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Rush Original recording remastered, Import


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Rush + Fly By Night [Vinyl LP] + Caress Of Steel (Vinyl)
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Product Details

  • Audio CD (May 6 1997)
  • Number of Discs: 1
  • Format: Original recording remastered, Import
  • Label: Anthem/Mercury
  • ASIN: B000001ES9
  • Other Editions: Audio CD  |  Audio Cassette  |  LP Record
  • Average Customer Review: 3.6 out of 5 stars  See all reviews (85 customer reviews)

1. Finding My Way
2. Need Some Love
3. Take A Friend
4. Here Again
5. What You're Doing
6. In The Mood
7. Before & After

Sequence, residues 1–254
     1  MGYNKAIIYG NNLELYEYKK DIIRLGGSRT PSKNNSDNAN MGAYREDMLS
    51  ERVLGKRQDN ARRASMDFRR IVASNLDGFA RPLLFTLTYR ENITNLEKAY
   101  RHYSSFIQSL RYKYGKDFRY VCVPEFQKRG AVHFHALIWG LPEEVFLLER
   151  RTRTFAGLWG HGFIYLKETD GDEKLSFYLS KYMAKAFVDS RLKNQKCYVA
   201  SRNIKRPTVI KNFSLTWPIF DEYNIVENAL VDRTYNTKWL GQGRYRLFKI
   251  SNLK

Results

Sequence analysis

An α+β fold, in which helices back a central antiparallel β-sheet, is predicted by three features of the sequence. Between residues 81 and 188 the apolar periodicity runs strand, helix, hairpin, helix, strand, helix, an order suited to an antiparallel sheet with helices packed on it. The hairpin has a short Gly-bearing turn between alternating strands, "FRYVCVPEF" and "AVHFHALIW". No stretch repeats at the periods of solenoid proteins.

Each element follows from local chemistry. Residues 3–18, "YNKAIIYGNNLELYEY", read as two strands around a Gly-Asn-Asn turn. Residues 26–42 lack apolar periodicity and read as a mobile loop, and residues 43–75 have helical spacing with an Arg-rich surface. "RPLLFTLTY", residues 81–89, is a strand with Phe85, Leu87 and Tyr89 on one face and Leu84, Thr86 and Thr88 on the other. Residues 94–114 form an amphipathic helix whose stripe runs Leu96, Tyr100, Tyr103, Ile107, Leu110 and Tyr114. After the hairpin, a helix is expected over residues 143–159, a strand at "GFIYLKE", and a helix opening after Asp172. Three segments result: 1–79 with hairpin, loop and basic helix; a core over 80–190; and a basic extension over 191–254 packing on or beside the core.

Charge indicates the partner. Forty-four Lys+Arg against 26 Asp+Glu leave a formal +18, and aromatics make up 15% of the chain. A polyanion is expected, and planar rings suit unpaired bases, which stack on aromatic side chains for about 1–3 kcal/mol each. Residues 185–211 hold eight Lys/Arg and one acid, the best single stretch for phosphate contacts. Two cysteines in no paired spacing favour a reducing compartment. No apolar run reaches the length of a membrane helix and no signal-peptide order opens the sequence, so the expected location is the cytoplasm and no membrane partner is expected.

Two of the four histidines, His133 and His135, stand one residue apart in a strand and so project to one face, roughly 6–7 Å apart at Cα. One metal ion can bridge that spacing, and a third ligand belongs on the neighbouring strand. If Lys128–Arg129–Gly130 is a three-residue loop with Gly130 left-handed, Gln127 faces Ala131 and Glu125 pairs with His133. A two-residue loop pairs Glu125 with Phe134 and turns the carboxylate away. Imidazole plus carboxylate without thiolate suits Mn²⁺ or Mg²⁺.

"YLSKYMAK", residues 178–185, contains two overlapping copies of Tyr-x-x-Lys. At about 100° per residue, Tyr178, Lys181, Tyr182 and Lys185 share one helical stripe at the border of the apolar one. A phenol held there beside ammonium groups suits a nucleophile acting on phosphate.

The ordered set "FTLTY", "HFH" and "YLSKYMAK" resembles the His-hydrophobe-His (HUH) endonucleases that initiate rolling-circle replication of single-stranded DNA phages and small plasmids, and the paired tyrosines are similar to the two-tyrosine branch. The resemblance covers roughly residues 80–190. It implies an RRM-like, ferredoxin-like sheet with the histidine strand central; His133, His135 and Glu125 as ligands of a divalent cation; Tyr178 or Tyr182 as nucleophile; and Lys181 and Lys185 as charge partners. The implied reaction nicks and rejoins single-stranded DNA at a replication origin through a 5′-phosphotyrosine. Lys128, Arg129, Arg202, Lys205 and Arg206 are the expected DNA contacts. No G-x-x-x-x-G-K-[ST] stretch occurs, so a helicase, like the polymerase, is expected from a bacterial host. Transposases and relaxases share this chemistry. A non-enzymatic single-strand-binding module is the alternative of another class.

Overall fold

8. Working Man

Product Description

Product Description

Rush's very Zeppelin-esque 1974 debut features John Rutsey on the drums, pounding along with Geddy and Alex on Finding My Way; Working Man; Before and After , and more. This really rocks, but the Rush sound we know today (and Neil Peart) were still to come

Amazon.ca

Although this debut album from the Toronto trio successfully epitomizes the bombastic hard rock they had been crafting in bars and clubs over the previous two years, when put in perspective with the rest of their catalogue, it stands out as a bit of a curio. Released in 1974, it features nine songs written by Geddy Lee and Alex Lifeson, recorded with original drummer John Rutsey, whose rudimentary but competent playing seemed appropriate for the brash, Led Zeppelin-influenced material. Rush contains the FM radio hit "In the Mood," but those familiar with the band would agree that their long-term career really began with sophomore effort Fly by Night, which established their permanent lineup with drummer Neal Peart, whose lyrical and musical contribution proved essential to the continual development of their sound. --Eric Wilson